Remembering the True Meaning of Memorial Day

Pams VAS Pams Corner

“It’s not Veterans Day. It’s not military appreciation day. Don’t thank me for my service. Please don’t thank me for my service. It’s take the time to pay homage to the men and women who died while wearing the cloth of this nation you’re so freely enjoying today, day.” –Washington Post


 

So, what is Memorial Day?

Here’s how it was outlined in General Orders No. 11, Washington, D.C., May 5, 1868:

The 30th day of May, 1868, is designated for the purpose of strewing with flowers or otherwise decorating the graves of comrades who died in defense of their country during the late rebellion, and whose bodies now lie in almost every city, village, and hamlet church-yard in the land. In this observance no form of ceremony is prescribed, but posts and comrades will in their own way arrange such fitting services and testimonials of respect as circumstances may permit.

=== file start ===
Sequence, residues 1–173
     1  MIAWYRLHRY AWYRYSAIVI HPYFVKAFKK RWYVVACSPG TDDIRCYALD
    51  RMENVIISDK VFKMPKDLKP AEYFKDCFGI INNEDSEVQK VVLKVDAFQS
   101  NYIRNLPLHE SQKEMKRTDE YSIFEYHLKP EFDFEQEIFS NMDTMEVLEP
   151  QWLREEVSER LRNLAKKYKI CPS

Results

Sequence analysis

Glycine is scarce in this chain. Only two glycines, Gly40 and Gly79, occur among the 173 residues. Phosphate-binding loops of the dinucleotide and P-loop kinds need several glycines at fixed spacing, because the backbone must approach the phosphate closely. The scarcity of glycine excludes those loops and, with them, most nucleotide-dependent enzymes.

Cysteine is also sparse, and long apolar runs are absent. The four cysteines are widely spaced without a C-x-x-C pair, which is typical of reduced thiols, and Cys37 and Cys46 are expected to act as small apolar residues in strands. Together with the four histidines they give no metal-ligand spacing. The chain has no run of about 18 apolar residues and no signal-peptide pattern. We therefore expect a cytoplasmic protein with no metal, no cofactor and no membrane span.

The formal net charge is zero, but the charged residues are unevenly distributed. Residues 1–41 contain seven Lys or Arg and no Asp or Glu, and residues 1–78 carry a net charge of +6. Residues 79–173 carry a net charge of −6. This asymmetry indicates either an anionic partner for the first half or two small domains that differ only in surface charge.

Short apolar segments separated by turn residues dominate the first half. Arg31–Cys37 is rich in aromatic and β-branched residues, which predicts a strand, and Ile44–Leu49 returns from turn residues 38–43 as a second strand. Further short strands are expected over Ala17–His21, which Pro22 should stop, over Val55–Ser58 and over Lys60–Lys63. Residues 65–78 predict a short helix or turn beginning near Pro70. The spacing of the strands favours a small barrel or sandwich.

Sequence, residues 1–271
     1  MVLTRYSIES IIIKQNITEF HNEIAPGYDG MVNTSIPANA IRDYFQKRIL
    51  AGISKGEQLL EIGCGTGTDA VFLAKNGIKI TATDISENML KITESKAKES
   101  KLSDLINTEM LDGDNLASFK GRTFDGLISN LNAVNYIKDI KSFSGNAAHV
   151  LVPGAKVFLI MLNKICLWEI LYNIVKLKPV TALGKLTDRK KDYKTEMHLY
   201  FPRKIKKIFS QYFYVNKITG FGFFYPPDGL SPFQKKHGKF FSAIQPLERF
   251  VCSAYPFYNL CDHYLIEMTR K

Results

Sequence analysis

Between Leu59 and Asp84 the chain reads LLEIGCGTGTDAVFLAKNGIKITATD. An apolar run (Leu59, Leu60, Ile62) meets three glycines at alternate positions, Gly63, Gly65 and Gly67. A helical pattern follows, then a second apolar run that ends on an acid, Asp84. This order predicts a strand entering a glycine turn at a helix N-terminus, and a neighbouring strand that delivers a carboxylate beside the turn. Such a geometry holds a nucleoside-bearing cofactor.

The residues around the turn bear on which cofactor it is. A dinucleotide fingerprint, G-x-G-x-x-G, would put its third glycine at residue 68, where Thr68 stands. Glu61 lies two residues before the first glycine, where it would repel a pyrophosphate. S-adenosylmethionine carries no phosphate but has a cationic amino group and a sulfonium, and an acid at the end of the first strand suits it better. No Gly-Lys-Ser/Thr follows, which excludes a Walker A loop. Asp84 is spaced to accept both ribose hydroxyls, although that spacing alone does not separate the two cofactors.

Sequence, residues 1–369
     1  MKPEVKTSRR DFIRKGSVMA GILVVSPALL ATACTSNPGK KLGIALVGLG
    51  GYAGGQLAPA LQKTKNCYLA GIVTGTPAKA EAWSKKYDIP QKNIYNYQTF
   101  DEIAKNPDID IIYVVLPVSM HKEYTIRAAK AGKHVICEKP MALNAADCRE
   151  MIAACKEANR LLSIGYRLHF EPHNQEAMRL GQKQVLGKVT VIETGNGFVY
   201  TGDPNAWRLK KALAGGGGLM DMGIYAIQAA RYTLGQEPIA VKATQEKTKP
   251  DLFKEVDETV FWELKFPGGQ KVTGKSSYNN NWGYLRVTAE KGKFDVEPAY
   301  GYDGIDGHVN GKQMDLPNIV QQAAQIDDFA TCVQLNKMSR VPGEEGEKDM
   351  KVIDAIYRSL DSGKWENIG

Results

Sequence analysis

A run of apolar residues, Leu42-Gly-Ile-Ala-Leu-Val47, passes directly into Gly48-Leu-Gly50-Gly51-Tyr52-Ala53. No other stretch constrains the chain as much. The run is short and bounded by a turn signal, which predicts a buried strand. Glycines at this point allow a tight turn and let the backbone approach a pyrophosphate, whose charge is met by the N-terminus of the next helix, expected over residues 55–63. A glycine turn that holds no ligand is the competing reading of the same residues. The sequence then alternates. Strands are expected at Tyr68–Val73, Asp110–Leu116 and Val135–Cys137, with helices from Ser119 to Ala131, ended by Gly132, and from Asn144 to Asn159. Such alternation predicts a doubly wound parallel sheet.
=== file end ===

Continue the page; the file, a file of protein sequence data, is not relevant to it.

Roughly 150 years ago, Memorial day was actually called Decoration Day. This day was a day where the graves of the men who recently died in battle were decorated. It was May, 1868 when May 30th was designated as Memorial Day – a day to remember fallen soldiers. So, this is quite different from Veterans Day.

On this Memorial Day, we honor the sacrifices of prior generations. We honor the sacrifices of the men and women next door who have served or continue to serve our country. And we pledge never to forget the true meaning of Memorial Day.

Let us not forget the true meaning of this day

 

Take a moment to dwell on the significance of Memorial Day. Let us keep the families of our brave, fallen soldiers in our thoughts and prayers. Instead of thanking our soldiers and veterans for their time spent serving our country, let us relay our condolences for their lost friend and/or family member.

To conclude this post, I would like to share a famous poem by Walt Whitman. Let us reflect..